There is an expanding appetite for commercial lending on tribal trust lands, though potent barriers remain, according to the federal Office of the Comptroller of the Currency.
OCC, in its February 2016 Community Development Insights newsletter, said Indian country has been experiencing higher economic growth since the 1970s, with gains (while varying from region to region) in real per capita income, median household income, employment, infrastructure, and education.
“As a result,” the article says, “demand for business development in local markets and loans to support such development continues to rise in large parts of Indian country. Moreover, through self-determination, tribal governments and entities have gained experience in building and managing businesses, producing a cadre of American Indian professionals and government employees with valuable managerial and governance skills.”
OCC also cited as factors the Indian Gaming Regulatory Act (IGRA) of 1988, advances in oil and gas extraction technology, and the faster growth of the Native American population compared with the country as a whole. “This growth has produced a larger labor force participation rate compared with the country as a whole, which is a contributing factor for future economic and commercial growth.”
How much need is there for commercial and business lending on Indian homelands? “Although sources providing hard data for commercial activity in Indian country are scarce, there is plenty of anecdotal evidence pointing to severe shortages in commercial credit,” according to OCC, with the biggest challenge being access to capital.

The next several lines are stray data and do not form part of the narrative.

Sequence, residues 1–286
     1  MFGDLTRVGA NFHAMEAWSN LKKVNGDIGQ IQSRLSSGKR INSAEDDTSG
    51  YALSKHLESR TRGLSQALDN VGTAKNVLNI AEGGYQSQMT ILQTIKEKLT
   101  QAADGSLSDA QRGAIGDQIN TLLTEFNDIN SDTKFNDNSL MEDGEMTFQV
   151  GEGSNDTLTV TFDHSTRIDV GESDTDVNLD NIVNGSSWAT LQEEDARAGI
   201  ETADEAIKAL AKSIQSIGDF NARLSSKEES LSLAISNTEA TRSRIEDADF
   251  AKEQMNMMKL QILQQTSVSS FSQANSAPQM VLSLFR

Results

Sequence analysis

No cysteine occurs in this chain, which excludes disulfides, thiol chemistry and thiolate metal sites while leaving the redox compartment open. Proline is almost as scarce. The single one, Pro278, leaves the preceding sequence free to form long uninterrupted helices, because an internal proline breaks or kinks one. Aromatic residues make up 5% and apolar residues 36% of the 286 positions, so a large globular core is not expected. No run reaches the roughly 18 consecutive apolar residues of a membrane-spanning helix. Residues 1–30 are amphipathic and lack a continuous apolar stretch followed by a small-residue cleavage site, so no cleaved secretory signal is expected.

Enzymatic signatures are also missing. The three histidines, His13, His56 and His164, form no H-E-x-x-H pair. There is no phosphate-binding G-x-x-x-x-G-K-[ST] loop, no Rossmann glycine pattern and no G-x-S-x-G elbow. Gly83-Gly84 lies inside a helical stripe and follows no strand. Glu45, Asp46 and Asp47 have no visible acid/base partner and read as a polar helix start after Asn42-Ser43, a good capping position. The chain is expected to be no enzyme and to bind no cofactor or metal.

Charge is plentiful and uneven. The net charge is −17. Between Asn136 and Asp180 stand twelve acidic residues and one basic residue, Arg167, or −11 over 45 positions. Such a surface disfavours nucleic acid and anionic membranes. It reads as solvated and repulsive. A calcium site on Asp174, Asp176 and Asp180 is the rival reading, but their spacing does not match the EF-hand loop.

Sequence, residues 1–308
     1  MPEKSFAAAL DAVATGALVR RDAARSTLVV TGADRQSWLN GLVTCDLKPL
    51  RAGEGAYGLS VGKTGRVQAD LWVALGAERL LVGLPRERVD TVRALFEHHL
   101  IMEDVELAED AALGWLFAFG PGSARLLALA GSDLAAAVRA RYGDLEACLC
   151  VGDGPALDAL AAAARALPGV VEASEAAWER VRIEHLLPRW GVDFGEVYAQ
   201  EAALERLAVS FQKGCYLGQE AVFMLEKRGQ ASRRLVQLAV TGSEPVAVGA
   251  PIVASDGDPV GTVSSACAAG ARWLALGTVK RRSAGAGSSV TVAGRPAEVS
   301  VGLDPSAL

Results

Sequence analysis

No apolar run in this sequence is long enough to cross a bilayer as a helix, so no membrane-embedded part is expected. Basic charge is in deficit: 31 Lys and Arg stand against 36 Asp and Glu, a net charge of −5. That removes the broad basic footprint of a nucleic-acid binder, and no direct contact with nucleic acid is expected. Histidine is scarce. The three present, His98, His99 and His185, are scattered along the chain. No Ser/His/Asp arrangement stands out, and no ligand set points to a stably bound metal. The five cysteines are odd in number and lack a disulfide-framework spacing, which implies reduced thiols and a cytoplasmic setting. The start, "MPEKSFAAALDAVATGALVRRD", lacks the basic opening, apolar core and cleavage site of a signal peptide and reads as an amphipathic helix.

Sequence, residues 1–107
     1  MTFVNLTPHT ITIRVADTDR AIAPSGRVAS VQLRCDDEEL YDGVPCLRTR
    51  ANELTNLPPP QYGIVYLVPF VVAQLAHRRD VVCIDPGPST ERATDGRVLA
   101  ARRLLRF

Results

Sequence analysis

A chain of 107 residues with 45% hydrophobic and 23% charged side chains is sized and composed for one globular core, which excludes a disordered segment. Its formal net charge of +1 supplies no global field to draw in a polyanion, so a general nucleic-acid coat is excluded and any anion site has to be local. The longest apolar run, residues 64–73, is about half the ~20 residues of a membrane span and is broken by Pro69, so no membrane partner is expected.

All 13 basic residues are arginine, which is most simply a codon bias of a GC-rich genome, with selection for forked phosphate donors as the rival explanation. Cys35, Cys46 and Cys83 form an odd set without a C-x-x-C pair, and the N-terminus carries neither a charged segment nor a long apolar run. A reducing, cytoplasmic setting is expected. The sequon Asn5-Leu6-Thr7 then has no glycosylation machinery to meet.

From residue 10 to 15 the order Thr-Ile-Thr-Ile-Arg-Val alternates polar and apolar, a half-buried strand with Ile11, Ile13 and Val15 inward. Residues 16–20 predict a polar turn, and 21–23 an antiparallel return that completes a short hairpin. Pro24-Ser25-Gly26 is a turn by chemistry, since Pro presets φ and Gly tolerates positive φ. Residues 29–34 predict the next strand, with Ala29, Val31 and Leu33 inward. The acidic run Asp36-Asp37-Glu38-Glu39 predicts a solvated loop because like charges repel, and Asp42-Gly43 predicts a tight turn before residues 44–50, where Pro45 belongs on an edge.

There are success stories in tribal economic development, however. The OCC listed the Mississippi Band of Choctaw Indians, the Citizens Potawatomi Nation of Oklahoma, the Gila River Indian Community in Arizona, the Navajo Nation, and tribal corporations in Alaska as examples.
The Mississippi Choctaw manage “a portfolio comprising manufacturing, service, retail, and tourism enterprises. The tribe provides almost 6,000 permanent, full-time jobs for tribal members and nontribal employees. The tribe is one of the 10 largest employers in Mississippi, with an annual payroll of more than $100 million, and has reinvested more than $500 million in economic development projects in the state.”
Gila River “has successfully built a diversified economy based on proper resource management and principles of self-sufficiency. In addition to gaming ventures, the community has been successful in creating and sustaining business enterprises in areas including hospitality, services, utilities, telecommunications, and construction.”
The Citizen Potawatomi Nation “has several tribal enterprises that provide services to its citizens and create a substantial economic impact in its communities. With more than 2,000 employees, the Citizen Potawatomi Nation operates a variety of tribal enterprises, including First National Bank, Grand Casino Resort, Fire Lake Discount Foods, and the Citizen Potawatomi Community Development Corp.”
Other examples include “the Navajo Nation, which has national monuments and other scenic attractions on its reservation, and the Three Affiliated Tribes, which are developing tourism-related activities, including a cultural interpretation center.
“In addition, Alaska Native Corporations have a dominant presence in the construction and manufacturing sectors in Alaska, effectively using their status under the SBA 8(a) program in construction, telecommunications, and energy-related projects.”
In tribal governance, the issue of tribal sovereign immunity poses some challenges to commercial lending, but the article suggested a few things tribes and banks can use for successful strategies. They include establishing a Section 17 corporation, establishing a state-chartered corporation, or using tribal council appointments.